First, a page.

Successful translation of MSC-based therapies in clinical settings continues to face significant challenges, with very few studies progressing to Phase 3. Though convincing data relating to MSC efficacy in larger cohort studies are limited, they do exist. According to data from a completed Phase 3 trial in which MSCs derived from Adipose Tissue were administered to subjects with Crohn’s disease, 50% of subjects in the MSC cohort achieved remission while only 34% in the control group did (p = 0·024)105. This study demonstrates that positive clinical outcomes in response to MSC treatment in large scale, Phase 3 studies are feasible, if thorough and detailed consideration is given to key parameters such as cell source and preparation techniques, in the design and execution of the study.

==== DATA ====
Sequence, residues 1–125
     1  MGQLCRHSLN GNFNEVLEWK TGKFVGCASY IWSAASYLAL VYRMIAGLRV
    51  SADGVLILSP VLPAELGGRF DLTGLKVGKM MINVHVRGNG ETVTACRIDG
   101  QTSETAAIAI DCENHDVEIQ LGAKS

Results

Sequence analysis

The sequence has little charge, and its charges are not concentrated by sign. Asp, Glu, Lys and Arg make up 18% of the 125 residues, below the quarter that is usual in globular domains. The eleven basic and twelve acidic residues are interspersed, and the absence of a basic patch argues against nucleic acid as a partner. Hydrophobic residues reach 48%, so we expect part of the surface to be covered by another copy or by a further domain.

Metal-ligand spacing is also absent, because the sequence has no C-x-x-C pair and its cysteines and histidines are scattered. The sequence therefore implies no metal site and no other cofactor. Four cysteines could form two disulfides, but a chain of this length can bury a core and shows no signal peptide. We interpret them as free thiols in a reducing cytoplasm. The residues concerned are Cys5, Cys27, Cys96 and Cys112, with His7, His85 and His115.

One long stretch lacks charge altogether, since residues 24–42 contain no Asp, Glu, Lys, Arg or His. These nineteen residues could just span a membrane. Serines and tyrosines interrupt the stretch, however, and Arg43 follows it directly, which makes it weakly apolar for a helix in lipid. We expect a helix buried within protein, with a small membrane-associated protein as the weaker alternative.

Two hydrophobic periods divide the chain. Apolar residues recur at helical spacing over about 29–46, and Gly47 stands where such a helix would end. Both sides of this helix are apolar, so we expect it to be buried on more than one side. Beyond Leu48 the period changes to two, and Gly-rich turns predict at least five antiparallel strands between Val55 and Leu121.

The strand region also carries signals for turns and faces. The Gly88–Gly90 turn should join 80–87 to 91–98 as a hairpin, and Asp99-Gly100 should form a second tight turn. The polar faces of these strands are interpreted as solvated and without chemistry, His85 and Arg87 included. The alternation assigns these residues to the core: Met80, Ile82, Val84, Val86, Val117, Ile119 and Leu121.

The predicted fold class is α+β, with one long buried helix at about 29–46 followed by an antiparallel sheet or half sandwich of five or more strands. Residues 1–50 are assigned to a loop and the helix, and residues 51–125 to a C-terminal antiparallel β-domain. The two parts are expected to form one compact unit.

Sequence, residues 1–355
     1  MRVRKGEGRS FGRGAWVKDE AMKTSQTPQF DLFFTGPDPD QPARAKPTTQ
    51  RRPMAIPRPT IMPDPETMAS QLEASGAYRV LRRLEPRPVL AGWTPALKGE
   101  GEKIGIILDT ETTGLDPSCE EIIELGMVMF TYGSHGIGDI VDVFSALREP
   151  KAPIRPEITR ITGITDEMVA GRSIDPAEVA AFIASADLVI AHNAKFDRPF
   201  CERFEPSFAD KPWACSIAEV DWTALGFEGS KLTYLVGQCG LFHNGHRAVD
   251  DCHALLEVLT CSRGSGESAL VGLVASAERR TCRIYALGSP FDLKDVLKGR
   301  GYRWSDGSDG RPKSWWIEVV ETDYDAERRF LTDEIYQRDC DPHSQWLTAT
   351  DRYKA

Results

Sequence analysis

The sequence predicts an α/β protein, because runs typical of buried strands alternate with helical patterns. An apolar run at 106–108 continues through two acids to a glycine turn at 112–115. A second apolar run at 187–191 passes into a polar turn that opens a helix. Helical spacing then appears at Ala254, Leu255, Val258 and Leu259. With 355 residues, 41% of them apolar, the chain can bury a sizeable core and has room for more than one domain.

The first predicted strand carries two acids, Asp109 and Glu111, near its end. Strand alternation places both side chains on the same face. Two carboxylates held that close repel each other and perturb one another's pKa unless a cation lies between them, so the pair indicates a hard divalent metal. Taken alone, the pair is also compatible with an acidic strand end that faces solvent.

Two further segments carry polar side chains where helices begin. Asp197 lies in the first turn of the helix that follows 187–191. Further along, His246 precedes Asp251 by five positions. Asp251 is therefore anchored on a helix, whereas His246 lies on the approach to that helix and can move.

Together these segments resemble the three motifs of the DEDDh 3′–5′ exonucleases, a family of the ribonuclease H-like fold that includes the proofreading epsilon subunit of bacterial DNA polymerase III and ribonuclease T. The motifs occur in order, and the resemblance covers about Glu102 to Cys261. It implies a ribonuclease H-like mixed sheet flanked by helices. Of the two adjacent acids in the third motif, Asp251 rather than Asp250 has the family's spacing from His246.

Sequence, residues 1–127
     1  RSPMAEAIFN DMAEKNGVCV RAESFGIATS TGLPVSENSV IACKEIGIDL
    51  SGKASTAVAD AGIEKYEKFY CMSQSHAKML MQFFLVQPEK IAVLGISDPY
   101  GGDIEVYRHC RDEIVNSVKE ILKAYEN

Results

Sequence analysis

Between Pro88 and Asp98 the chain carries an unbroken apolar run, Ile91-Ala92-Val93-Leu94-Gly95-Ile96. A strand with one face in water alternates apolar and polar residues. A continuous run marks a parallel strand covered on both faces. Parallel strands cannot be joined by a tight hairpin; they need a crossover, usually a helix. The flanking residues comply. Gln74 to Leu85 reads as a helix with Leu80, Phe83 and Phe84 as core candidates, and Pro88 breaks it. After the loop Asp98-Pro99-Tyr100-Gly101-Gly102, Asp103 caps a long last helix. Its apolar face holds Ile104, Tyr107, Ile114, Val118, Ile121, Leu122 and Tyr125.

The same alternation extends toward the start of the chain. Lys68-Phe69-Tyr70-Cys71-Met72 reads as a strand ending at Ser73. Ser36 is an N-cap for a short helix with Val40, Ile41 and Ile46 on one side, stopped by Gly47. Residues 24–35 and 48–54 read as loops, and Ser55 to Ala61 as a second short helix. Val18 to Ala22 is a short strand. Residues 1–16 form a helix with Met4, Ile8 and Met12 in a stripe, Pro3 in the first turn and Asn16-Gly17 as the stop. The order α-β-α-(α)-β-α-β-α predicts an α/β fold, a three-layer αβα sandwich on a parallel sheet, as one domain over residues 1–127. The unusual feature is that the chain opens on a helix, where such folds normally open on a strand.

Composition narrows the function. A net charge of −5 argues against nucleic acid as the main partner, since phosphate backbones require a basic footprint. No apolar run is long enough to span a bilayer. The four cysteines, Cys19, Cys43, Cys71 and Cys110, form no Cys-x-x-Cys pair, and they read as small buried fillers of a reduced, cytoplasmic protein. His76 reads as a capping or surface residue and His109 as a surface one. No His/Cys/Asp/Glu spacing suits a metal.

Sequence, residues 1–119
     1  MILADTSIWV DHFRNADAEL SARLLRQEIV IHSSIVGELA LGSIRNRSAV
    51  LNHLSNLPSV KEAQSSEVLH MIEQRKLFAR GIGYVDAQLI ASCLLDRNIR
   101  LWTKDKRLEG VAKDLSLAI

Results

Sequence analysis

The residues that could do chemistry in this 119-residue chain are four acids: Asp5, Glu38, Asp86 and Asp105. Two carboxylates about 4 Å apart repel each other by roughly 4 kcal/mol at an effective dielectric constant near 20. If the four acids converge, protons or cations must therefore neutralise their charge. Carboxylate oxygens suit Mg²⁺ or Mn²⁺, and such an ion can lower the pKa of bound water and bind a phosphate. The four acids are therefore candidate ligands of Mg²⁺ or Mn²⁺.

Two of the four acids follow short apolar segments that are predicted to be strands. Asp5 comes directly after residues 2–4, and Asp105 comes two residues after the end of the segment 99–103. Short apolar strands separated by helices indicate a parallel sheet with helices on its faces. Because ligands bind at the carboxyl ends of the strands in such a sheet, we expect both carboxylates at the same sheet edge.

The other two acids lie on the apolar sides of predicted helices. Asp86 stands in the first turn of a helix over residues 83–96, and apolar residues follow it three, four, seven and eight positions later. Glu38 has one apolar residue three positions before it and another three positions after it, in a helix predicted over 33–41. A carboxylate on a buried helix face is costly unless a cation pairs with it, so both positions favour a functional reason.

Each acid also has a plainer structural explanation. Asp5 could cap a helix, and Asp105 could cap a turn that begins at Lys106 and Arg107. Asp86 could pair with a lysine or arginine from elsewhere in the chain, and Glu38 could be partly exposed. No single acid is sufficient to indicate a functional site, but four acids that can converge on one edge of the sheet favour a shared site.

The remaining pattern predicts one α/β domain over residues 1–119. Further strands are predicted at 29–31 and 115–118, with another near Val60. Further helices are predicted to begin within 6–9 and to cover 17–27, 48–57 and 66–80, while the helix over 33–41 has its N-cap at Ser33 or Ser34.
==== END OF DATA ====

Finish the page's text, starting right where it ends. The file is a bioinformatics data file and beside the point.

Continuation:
Unique challenges of MSC therapy for COVID-19

We have discussed at length the beneficial effects of MSCs as it relates to their immunomodulatory, regenerative and antimicrobial nature, however, it is important to note that the majority of these findings were delineated in studies conducted in vitro, and in vivo models. As highlighted above, recapitulation of efficacy data obtained in animal models in human subjects remains a major barrier to successful translation of MSC therapy in clinical settings. This is even more relevant in the setting of COVID-19, as there is no pre-clinical efficacy data for the use of MSC in animal models of COVID-19 pneumonia. These pre-clinical studies are crucial, as they can provide valuable information on the consequences, both beneficial and deleterious of MSC administration specifically in the context of COVID-19 pneumonia. For example, while multiple studies have shown that MSC antimicrobial effects are mediated by LL-37, this molecule has also been associated with the pathogenesis of certain autoimmune disorders such as psoriatic arthritis106. The implication of this finding in the context of inflammatory mediated conditions like COVID-19 remains unknown.